Since we have some time to kill until play resumes on Thursday, let's take a look back at the White Sox on TV. Video, and more, after the jump.
The White Sox were originally on WGN-TV. Jack Brickhouse split time between the White Sox and the Cubs. They made the jump to WFLD-TV (Ch. 32) in 1968.
In retrospect, it was a bad idea because Ch. 32 wasn't nearly as powerful as Ch. 9. Plus it was on UHF, which was kind of a hassle to tune in (old TVs had two dials. One for Channels 2-13. The other one was for Channels 14 and beyond).
The Sox remained on Ch. 32, until the early 70's. They fell down the broadcasting food chain once again, landing at WSNS-TV Ch. 44. Even though the station was low rent in every sense of the word, it did result in the legendary marriage of Harry Caray, Jimmy Piersall, and Falstaff Beer.
Much like the White Sox, Ch. 44 got by on little money and old equipment. WGN got all of the good syndicated shows, movies, and sports...along with blue chip advertisers. The end result was on your TV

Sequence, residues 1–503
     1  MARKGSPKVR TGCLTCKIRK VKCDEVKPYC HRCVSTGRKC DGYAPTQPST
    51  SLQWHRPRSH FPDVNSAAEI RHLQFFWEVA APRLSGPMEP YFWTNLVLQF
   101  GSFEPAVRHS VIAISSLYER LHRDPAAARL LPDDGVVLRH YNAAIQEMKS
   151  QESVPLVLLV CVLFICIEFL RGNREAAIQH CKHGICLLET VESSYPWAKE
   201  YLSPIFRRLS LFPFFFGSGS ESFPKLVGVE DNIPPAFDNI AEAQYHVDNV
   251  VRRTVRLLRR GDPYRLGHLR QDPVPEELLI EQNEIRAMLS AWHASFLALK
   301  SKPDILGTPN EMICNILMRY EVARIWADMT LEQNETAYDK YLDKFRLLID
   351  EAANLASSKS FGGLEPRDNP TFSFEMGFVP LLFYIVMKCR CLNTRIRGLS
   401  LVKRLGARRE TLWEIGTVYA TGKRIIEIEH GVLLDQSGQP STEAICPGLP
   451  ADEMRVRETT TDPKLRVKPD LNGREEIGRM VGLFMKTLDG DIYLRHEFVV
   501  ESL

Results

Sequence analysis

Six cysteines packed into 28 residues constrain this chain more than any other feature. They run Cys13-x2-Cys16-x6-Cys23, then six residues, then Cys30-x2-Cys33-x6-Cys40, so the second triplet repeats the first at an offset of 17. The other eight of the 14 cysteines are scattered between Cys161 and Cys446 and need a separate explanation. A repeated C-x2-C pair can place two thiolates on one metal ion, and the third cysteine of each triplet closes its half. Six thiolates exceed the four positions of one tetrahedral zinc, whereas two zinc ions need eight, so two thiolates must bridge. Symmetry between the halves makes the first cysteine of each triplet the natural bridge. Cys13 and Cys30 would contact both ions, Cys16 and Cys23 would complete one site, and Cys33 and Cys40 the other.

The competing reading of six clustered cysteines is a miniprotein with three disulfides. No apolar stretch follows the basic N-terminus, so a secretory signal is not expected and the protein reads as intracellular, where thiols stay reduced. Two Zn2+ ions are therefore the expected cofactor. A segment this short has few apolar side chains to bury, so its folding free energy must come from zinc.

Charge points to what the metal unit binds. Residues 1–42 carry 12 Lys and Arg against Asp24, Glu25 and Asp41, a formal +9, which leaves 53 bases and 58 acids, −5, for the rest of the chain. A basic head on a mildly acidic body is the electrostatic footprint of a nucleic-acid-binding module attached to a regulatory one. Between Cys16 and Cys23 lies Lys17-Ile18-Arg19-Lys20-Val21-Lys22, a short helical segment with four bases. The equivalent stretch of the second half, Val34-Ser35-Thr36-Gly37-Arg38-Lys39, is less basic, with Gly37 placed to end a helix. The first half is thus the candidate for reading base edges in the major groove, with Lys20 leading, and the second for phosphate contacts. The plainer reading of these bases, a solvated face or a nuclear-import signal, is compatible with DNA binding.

The tradition of singing "Take Me Out to the Ballgame" started with Harry in the summer of 1976. It was not long before it found its way to TV.
The Sox were back on WGN-TV for the 1981 season. Harry bolted for the north side after the team announced it was taking most of the games off of free TV, and putting them on a pay per view outlet called Sports Vision.
Here's how Sports Vision worked. You would pay 50 dollars for the converter box, which would then convert the scrambled over the air signal (which was on Channel 44). There was only one problem. It was cheaper, and easier, for viewers to build the decoder box themselves.
That decision would kill attendance for decades. The 1983 season took place on the radio, because only a select number of games were broadcast on Ch. 32
When the Sox clinched on September 17th, 1983, the 9th inning was simulcast on three channels...just so people could actually see the game.
Here's the final out, plus the postgame celebration.
Part 2: Bill Caudill loads the bases after a dropped third strike to Carlton Fisk. Del Crandall gets Ed Vandeberg from the bullpen, who gives up the game winning sac fly to Harold Baines. It's time to party.
Sports Vision later became a regular cable channel. It changed its name to Sports Channel around the time Chicago was wired for cable (1989?). Sports Channel became Fox Sports Net Chicago, which folded after all play by play (Cubs, Sox, Bulls) shifted to Comcast Sports Net.
The Sox returned to WGN-TV in 1990, and they have been there ever since. Here's the opening from 1992
Some random videos:
This retrospective would be impossible without the Museum of Chicago Television, at www.fuzzymemories.tv. It's run by a man named Rick Klein, and the site truly is a labor of love. The rest was came up during random YouTube searches.